Willowmoor Healing Arts

Providing a compassionate, intelligent approach to massage therapy.

2016 Recap

In 2016 I completed two more courses with the Counterstrain Academy. One being a 10 week course on counterstrain pertaining to the viscera and the other being an 8 week course on counterstrain pertaining to lymphatic and venous structures. 

I had the interesting opportunity to treat a partially torn achilles tendon within 24hours of the injury occurring. As you might imagine there was a significant amount of pain and swelling. I was able to use counterstrain techniques to decrease the pain from 7/10 down to a 3/10 as well as decreased swelling to mainly where the tear was located. All in one treatment. How exciting and helpful for healing! 

As 2017 begins, I look forward to taking more classes in Fascial Counterstrain as it pertains to nerves and connective tissue. 

Continuing Ed Classes in Fascial Counterstrain Pertaining to Arteries and Nerves

I started July off with a trip down to San Diego to take The Jones Institute's class on Strain Couterstrain relating to the fascia of the arterial system. Yes, the FASCIA of the arteries! Arteries are wrapped in adventitia (deep fascia)  which has the ability to contract and relax. If this deep fascia is affected by trauma, surgery, postural strain, or systemic inflammation it can become irritated. As a reaction to the irritation, it can then become chronically contracted. This can lead to muscular pain, headaches, “burning” pain, tendonitis, and the list goes on. With Counterstrain, the focus is to feed slack to the areas of spasm to allow them to return to a more functional state. 

I finished the month by going down to Portland to take The Jones Institute's class relating to fascia of the nervous system.  Same concept as arterial but with the focus on the adventicia of the nerve known as epineurium. My teacher has a great article on what it’s all about here.http://tuckeypt.com/fascial-counterstrain-for-the-nervous-system/

 

 

2015 AMTA-WA Convention

I spent this weekend at The American Massage Therapy Association Washington Chapter Convention. It was wonderful to hear presenters that have been in the profession for 30+ years. Their hard work and dedication to the field has brought massage practitioners to the point we are today as healthcare providers!

I walked away from the conference with a deeper understanding of what changes and directions the massage profession has ahead regarding insurance billing and education. Washington has been one of the few states that has provided medical insurance coverage for massage and have been a leader in advocating national recognition pertaining to benefits and necessity of massage in the medical community. That advocacy led to massage therapy being included in the Affordable Care Act. In other words, all states should have massage therapy as a covered benefit. Additionally, in 2017, the coding system used for billing will be changed to allow more accurate diagnosis coding and thus a clearer way to document sessions with clients. That news is very exciting. The challenging part, as always, will be increasing reimbursement rates. The shrinking of compensation is the reason why I ended my contracts with medical insurance companies and am hopeful that with the advent of this new coding system the insurance companies will recognize the need to reasonably pay massage practitioners for their work. On that note, I believe there are changes that need to happen on the side of massage practitioners, namely education on best billing practices as well as a deeper understanding of treatment techniques if practitioners are working in a medical setting.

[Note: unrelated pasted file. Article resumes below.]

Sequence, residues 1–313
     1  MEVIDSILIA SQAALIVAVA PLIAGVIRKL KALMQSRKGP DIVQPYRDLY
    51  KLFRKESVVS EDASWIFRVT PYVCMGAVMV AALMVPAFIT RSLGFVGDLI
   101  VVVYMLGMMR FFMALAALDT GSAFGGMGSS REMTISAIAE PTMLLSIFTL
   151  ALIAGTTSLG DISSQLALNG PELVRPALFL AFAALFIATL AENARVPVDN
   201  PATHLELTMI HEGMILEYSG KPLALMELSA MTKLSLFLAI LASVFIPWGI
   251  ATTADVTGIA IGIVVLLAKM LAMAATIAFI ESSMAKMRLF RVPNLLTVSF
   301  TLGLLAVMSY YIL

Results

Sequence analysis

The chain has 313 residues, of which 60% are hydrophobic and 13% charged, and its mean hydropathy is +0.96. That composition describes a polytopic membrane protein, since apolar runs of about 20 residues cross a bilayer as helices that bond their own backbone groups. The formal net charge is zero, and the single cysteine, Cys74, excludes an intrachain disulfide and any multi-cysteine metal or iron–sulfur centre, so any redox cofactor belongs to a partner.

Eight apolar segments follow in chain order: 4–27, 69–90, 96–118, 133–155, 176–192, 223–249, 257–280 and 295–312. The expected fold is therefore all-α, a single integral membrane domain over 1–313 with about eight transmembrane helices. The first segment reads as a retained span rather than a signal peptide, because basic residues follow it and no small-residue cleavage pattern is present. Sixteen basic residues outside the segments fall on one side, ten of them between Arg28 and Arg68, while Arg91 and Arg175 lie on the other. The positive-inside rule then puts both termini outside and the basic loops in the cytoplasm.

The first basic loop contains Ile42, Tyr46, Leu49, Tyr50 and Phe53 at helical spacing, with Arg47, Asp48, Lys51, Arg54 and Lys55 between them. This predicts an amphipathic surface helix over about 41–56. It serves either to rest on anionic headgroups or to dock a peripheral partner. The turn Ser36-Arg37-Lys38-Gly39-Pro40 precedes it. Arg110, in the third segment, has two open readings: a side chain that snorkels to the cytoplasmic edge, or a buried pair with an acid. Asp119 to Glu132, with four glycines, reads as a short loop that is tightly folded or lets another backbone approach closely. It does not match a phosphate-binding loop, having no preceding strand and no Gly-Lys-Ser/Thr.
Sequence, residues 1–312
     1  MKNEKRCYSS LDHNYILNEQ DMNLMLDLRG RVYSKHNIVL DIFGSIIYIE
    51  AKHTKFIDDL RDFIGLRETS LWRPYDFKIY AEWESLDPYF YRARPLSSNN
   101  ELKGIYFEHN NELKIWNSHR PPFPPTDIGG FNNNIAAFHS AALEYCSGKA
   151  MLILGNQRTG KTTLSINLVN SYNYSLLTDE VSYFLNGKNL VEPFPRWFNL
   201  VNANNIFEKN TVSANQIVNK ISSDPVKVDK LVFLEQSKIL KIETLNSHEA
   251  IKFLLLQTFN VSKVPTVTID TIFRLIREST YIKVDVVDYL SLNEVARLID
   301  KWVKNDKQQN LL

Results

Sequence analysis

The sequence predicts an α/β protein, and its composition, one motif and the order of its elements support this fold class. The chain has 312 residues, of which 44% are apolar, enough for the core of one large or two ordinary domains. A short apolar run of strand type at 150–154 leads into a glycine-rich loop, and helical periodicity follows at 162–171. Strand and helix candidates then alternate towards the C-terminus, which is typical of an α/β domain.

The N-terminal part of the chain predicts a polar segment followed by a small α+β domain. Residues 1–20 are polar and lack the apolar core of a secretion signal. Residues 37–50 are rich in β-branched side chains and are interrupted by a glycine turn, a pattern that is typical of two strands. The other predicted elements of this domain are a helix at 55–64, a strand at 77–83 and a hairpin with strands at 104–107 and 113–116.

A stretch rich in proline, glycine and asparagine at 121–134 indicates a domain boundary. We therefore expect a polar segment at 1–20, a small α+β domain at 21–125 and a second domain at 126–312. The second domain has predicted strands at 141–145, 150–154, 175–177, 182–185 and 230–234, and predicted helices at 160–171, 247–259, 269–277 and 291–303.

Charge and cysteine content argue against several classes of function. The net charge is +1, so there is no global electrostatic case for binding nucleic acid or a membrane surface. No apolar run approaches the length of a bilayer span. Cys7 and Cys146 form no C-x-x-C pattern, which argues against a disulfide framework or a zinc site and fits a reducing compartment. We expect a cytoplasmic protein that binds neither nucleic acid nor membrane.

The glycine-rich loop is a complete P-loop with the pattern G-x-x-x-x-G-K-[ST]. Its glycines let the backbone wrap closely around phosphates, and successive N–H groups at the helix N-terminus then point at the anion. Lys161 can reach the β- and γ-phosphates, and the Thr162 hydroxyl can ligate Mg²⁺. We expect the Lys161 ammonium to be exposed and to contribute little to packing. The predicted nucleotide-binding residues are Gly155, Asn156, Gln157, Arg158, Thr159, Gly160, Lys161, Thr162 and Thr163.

I am hopeful that medical massage practitioners will come out a stronger, smarter, and a better compensated profession because of these changes.

I am grateful to all the elders in the profession for their dedication and hard work in getting massage therapy the recognition it has today and who continue to push for even greater and higher goals. I am also grateful to all my patients as well as all the referring physicians who also recognize and support massage therapy as a rehabilitative and wellness tool. Without you, I know I would not have the knowledge I have today. Thank you! 

Week 10 Fascial Counterstrain Apprenticeship

I  completed Module 1! 

I definitely have a better understanding of the philosophy and technique. I also feel rather competent in the cranial scan, the assessment tool used to direct treatment. I still don't have all the tenderpoints and treatments memorized so I am relying on the manuals for assistance, but eventually I will have it all locked into my memory. For now I am okay with that and grateful that my clients are too!